Friday, May 17, 2013

Heisig Method ("Remembering the Hanzi") - the full collection

The so-called "Heisig Method" for learning to read, write & remember the meaning of Chinese characters is a fantastic method, and one that I have blogged about extensively. I used it to learn the first 1500 characters in about 3 months, after many other methods have failed me.

Given how much I have written on the subject over an extended period of time, it made sense to create just one source which puts all the material in one place.  And that place is here.

All links are placed in three sections:
  • What is the Heisig method?
  • My personal story of success
  • Instructions, Hints, Tips, Suggestions

What is the Heisig method?

My personal story of using the Heisig Method


Instructions, Hints, Tips, Suggestions - for the Heisig Method
  • Tips & Tricks for Heisig Visualisations (This is my most important post on the topic - people are bad a visualising in general, but Heisig needs you to get good at. If you read this post and follow the advice, your Heisig journey will be more fun, quicker, and longer-lasting. Seriously.)
  • Early traps not to fall into (although the post was an update post, I made some important points that people starting out should be careful with)
  • Pinyin proves that Heisig is right (You don't need to learn pronunciation while you're learning the book, it can come quite naturally too)
  • Using Modern Art to Learn Chinese (Many characters that you're trying to create images for are very abstract (like peace, great, grand, deliberate) - and this post is filled with tricks to make abstract words easy to get concrete images)
  • Bad Heisig images & great Dali paintings (In order to revise after 2.5 years, I pick up book 1 again, and I look at Heisig stories/images on the Net; Here I give detailed examples on why so many of them are terrible, and will be impossible to remember for long)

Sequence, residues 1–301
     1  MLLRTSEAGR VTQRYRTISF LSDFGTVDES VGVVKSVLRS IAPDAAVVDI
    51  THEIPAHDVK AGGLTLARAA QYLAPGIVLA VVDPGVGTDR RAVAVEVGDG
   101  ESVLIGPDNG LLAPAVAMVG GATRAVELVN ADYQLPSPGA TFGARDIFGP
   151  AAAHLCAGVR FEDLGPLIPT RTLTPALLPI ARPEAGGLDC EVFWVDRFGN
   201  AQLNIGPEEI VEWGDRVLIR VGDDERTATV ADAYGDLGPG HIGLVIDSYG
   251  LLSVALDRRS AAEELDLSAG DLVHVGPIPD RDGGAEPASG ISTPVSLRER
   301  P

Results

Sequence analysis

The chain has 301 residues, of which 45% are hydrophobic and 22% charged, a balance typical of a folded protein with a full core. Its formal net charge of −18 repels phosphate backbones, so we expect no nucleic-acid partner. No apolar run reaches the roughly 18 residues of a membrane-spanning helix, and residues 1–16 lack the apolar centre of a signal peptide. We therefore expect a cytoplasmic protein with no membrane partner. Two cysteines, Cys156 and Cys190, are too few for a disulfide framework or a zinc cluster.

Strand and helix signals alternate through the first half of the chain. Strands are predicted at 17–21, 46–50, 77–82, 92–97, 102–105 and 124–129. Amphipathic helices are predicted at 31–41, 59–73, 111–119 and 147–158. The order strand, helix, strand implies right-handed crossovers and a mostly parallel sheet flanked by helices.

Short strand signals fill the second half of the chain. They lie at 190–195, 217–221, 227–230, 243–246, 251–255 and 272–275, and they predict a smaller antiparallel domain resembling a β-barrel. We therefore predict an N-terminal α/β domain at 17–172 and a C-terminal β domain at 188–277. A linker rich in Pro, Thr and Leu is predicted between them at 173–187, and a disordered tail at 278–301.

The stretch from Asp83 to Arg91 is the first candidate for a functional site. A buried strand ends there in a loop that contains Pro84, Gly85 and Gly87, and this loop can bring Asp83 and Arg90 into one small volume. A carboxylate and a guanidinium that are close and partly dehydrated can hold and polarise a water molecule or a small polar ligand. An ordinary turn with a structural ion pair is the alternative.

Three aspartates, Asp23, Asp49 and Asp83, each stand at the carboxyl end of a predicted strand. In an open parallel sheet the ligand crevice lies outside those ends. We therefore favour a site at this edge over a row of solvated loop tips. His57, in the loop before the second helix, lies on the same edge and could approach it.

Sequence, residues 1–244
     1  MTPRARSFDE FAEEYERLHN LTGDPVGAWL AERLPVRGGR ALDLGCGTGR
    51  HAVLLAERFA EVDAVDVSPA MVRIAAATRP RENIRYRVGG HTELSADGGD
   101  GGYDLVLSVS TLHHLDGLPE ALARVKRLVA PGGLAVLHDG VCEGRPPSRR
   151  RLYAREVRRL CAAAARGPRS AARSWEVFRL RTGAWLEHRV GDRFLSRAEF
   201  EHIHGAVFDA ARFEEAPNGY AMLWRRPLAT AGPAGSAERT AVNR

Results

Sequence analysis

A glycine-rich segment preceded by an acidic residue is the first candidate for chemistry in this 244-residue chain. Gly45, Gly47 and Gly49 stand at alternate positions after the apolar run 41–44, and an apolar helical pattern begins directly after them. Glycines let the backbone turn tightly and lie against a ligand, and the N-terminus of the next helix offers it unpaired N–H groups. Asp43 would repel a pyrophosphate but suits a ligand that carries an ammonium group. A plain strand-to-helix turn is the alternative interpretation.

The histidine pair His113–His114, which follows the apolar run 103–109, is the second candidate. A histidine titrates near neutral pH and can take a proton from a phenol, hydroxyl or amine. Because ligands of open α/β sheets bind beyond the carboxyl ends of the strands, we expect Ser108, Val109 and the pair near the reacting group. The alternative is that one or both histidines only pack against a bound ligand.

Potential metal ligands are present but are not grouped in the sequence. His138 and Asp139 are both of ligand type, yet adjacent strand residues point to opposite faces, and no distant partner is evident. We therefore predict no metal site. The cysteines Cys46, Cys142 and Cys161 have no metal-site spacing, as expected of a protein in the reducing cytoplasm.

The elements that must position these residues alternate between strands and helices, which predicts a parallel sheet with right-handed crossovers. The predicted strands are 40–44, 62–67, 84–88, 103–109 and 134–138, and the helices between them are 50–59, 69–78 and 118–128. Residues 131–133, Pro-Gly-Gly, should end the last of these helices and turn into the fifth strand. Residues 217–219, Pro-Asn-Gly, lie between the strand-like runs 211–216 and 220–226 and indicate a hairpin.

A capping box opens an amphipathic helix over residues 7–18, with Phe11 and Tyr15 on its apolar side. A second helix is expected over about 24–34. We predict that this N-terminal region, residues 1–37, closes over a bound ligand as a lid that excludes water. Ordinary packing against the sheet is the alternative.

• Just stick to one image, OK? (Consistency in image-making is part of why I did book 1 so fast, and I highlight how book 2 is itself failing to teach this consistency)
  • How to revise, once you've finished the book (this is part of an update post, but I give some detail about how my revision process is shaped)
  • Stoned Horses (examples of how easy it is to think of many possible visualisations for a single character)

If you find this collection of articles helpful, please share them.  And as always, your comments below are welcome and appreciated.


  1. Heisig! Thanks for putting up this post will all the resources! I've just started reviewing and sharpening my characters with Heisig (where the drops go always get me) and I'm so happy with it! I've studied Chinese at a university for two years and never had the time to do Heisig on top of regular coursework but now have a very boring campus summer job so I'm knocking a bunch of them out every day. I just wish the stories were provided for all the characters...I'm so lazy coming up with my own... ;)

  2. Hey Senika, thanks for your kind words. I'm glad you're enjoying Heisig - it's a great approach.

    For now, you're probably wishing they gave lots of stories ... I did for a while too. But the more I did, the more I realised my brain works differently from theirs, and the stories I came up with naturally felt more comfortable & memorable inside my brain, and then things really started speeding up for me.

    Good luck!